Single-Shot .410 Shotguns — Perfect for Skeet Shooting

Shooting skeet with a single-shot .410 shotgun will make you a better shooter.

Single-Shot .410 Shotguns — Perfect for Skeet Shooting
While plenty of used .410 single-shot shotguns ride the racks in gunshops, available brand-new guns include the Stevens 301 (top) and the Rossi Tuffy (bottom). Both are offered in several interesting configurations.

My first dove gun was a Full choke .410. At age 11, I hated it, and my father, in his infinite mercy, got me a 20 gauge. Now, more than a half-century later, I still think that giving a youngster a .410 as his or her first shotgun borders on child abuse. Forget the so-called “light recoil” attributes of a .410. If you want your kids to have a fighting chance at smoking aerial targets, they’re far better off with a cut-down, junior-size 20 gauge. And if recoil’s an issue, preferably a gas-operated auto with an IC choke tube installed.

But this article isn’t about kids. It’s about me and why—in my dotage—I now love .410s. And I’m not talking highly collectible Winchester Model 42 pumps, Remington 1100 semiautos, or Browning Citori over-unders with .410 Briley tubes installed (although I’d love to have all three). I’m talking inexpensive, break-open, single shots sporting brand names like Stevens, Harrington and Richardson, Rossi, and Iver Johnson. Some current, some, like the one that haunted my childhood, out of production. Not exactly labels to drive serious shooters wild with desire—no Perazzis, Ithacas, Berettas, or the like.

Truth be told, many of those external-hammer, break-open rigs were, and still are, used for pest control, small game, and venomous snakes (anybody else remember the late, lamented Snake Charmer?). It’s tough to think of a more useful “garden gun” than a single-shot .410. But they work for busting clay targets as well—not to mention doves and quail. No, definitely not the optimal tool for the job but, to me, the most fun.

In fact, my current “Most Favored Skeet Gun” is a single-shot Stevens .410—a long-out-of-print Model 940D, to be precise. It has an external hammer; a side-mounted, break-open lever; and a curb weight of just under 5.5 pounds. The stock is battered, nondescript hardwood. Its sole bit of token embellishment is a rather minimalist etching of a bird dog on the receiver, a pointer by its stance, although the exact breed is a bit tough to ID. I’m talking no-frills here—if you were to look up “Utility Gun” in the dictionary, you’d probably see a picture of it.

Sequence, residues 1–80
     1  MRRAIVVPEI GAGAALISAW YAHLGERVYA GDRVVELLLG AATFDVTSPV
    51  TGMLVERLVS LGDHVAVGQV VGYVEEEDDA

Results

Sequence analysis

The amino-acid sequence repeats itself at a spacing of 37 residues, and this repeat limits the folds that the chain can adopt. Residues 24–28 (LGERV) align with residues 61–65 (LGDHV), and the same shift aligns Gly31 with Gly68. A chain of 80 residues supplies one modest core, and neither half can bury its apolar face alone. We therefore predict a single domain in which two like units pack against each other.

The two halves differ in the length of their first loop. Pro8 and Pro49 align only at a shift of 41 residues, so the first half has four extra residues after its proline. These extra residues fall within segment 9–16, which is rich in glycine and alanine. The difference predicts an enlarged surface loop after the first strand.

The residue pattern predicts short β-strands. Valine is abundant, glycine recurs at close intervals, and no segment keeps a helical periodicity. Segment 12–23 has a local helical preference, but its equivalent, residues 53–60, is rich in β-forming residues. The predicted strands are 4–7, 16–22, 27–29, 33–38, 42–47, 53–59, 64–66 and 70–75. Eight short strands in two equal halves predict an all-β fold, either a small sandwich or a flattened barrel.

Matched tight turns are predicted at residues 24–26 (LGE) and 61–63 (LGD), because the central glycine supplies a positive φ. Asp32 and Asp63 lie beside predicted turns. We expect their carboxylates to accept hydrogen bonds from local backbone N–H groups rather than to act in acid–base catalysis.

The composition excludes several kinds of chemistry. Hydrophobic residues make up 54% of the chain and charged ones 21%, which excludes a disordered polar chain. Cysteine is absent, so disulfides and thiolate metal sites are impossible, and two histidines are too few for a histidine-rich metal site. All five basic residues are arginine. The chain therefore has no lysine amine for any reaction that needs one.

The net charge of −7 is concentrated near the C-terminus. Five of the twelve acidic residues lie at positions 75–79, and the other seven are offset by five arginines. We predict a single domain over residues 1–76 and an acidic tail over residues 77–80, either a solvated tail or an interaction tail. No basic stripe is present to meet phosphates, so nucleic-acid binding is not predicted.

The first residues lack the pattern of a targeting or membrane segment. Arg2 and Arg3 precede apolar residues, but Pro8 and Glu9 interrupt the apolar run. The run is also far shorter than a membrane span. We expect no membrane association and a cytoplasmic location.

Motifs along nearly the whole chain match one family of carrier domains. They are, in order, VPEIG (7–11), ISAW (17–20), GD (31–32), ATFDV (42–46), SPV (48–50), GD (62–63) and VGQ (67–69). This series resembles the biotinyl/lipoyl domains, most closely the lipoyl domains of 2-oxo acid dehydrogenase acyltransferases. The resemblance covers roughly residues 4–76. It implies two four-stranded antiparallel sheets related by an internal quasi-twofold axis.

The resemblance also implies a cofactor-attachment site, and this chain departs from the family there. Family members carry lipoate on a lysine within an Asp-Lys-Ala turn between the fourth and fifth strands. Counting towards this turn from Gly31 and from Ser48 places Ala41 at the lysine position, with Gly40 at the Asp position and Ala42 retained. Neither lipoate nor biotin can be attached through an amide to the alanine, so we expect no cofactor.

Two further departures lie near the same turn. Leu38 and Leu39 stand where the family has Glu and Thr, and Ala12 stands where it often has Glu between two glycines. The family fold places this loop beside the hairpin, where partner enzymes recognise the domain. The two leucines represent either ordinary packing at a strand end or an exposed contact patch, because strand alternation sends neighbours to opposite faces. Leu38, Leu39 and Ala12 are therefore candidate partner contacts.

Single-Shot-410-Shotguns

Value estimates I’ve encountered for similar 940s (but in arguably better cosmetic shape) have ranged from just around $120 to a cryptic “whatever you can get for it.” The lack of a serial number indicates a pre-1968 manufacture date, and the circled “48T” narrows things down to 1966. The choke? Fixed and Full—like most vintage .410s—at a measured 0.396 inch.


I’m not altogether sold on just how much of a handicap a Full-choked .410 is for skeet. The practical differences in choke constriction in .410s isn’t all that dramatic. Skeet yardages are usually 17 to 18 yards and max out at 21 yards.

Lots of experienced smallbore types prefer a Modified choke, claiming that with anything more open, you’re going to give up pattern density, which, I suppose, is a consideration when you’re dealing with a half-ounce of No. 8s from a 2.5-inch shotshell. And pattern density would really become an issue if you’re obsessively nutty enough to dabble in trap or sporting clays with a .410. For me, skeet represents more than enough challenge.

I’ve used different .410 choke tubes in a Browning BPS and have never been able to tell the difference between IC, M, and F, and to be honest, I like the old-timey “fixed F” on my Stevens and Iver Johnson guns. After all, it’s what I’d use on doves or rabbits. But if you don’t have a similarly Luddite proclivity for fixed chokes, current Stevens single-shot .410s are threaded for Win-Choke tubes.

One at a Time

So why a gun that looks like it was discovered in a Midwestern uncle’s tool shed? Well, it’s simple to operate, is very light and nimble, and brings a satisfying level of “reverse snobbery” to the table—no small thing when you’re putting in a decent round against guys shooting high-dollar over-unders. Then there’s the lack of recoil, plus the fact that you can dump an entire box of 2.5-inch .410 shotshells in a single pants pocket—just in case you’ve forgotten your Bob Allen shooting vest.


Single-Shot-410-Shotguns
Don’t let the utilitarian engraving fool you. Payton’s 1966-vintage Stevens 940D is one solid little .410, and that side-mounted break-open lever provides an ergonomic advantage for speedy reloads—provided you’re right-handed.